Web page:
Bigger bodies are naturally exposed to a game that is fast paced.

By Michael Giancola

Undoubtedly, offenses that run tempo or no-huddle put extreme stress on defensive players and coaches alike.  The no-huddle philosophy is working its way into more and more offenses even if it’s not wholesale.  Some coaches keep it in their repertoire for certain situations to get the defense on its heels.  Regardless, this is something defenses need to account for in some capacity.

Of all the position groups on defense, no-huddle and tempo offenses put a lot of pressure on the defensive line.  Bigger bodies are naturally exposed to a game that is fast paced.  Like anything else in defensive football, this is something that can be accounted for.  Normalizing the tempo, increasing the defensive tempo in practice, having a clear plan for substitutions and simplifying alignments for the defensive line allows them to be comfortable against teams that try to gain the advantage by speeding up the pace of play.

Normalizing tempo

No-huddle and tempo offenses are a daunting task for any defender.  The key is to normalize the speed of play, especially for the defensive line.  Exposing them to tempo early and often is crucial.  Here are a few ways to accomplish this:

  • Crystal Ball Drills. August practice is a long and arduous, especially with the advent of off-season camps and practices.  Crystal ball drills are periods in practice that focus on things players will see in the future.  Taking a ten minute period or two early in the season to expose the defensive line to tempo situations will pay tremendous dividends.  These can be full team drills, as well as defensive line specific drills.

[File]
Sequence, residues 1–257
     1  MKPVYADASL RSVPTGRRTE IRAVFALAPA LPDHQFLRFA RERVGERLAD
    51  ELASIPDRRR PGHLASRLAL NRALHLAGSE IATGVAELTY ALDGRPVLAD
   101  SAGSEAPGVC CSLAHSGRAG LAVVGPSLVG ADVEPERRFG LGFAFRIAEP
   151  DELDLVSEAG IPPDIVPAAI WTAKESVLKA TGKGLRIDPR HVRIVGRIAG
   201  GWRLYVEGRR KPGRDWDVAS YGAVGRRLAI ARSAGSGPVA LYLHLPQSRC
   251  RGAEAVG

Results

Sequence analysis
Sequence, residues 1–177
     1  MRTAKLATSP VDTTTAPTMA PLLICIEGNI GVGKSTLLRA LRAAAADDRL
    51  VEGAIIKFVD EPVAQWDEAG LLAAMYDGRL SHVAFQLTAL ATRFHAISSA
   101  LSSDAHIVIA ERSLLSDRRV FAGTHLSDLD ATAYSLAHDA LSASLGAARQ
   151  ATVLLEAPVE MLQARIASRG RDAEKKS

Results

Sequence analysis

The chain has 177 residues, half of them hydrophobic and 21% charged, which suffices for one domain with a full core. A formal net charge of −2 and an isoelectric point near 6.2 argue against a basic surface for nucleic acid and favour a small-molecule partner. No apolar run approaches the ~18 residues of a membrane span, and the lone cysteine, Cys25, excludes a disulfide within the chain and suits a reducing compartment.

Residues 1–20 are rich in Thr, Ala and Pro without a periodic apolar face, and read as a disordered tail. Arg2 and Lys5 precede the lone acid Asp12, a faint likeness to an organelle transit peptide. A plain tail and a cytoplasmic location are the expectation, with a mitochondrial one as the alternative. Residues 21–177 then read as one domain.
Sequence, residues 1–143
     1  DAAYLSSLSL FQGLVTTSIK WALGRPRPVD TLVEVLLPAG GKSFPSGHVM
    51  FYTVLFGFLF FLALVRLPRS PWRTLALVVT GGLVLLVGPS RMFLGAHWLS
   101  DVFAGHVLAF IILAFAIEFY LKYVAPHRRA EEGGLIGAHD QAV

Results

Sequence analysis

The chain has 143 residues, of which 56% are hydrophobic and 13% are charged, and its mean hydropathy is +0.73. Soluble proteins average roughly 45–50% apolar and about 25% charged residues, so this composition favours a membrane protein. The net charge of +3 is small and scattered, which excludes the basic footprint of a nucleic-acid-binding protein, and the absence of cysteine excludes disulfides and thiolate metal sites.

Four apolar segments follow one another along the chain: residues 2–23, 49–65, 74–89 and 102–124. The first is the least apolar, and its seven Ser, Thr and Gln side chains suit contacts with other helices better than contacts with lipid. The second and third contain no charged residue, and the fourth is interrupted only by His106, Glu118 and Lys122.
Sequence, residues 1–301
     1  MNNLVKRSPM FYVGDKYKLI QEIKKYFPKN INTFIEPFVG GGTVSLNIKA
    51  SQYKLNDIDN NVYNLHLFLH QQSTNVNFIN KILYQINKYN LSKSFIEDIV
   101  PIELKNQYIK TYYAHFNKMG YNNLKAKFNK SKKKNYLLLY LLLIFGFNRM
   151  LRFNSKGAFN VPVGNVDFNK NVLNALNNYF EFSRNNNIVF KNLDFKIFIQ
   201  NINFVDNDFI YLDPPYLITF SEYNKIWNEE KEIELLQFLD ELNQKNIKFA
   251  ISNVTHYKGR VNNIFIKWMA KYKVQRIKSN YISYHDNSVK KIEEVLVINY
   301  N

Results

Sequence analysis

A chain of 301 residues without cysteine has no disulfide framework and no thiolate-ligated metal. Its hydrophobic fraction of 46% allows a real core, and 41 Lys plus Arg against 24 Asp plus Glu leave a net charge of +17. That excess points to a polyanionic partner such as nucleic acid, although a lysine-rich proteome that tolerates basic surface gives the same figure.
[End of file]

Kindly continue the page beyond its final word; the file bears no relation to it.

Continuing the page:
• Scrimmage against No Huddle/Tempo Teams. If possible, try to schedule at least one scrimmage against a team that utilizes tempo.  The main advantage to this is it exposes your players to tempo offenses while the stakes are low.  Mistakes will inevitably be made, but it’s better to make those mistakes and learn from them in a scrimmage than in a game that matters in the standings.
  • Explain and prepare for the limitations of No Huddle/Tempo Offenses. Teams that are true no huddle and high tempo need to be relatively simple in scheme.  This does not include teams that rush to the line, get lined up, hard count then look to the sideline for a play call or audible.  Teams that do that, while fast, allow defenses to adjust as they adjust.
  • Know what “home base” is. Overcomplicating scheme against a no huddle or tempo offense is a fool’s endeavor.  That doesn’t mean playing base defense all the time is the way to go, but when the bottom begins to drop out the players be comfortable and excel at playing within a simpler scheme.

Increasing the tempo in practice

Effectively increasing the tempo of practice when playing no huddle/tempo teams during the week helps mimic what the defense is going to see come game time.  However, avoid devolving practice to the point where guys are running around like headless chickens.  This will take precise planning on the part of the coaches, and can be achieved a few different ways: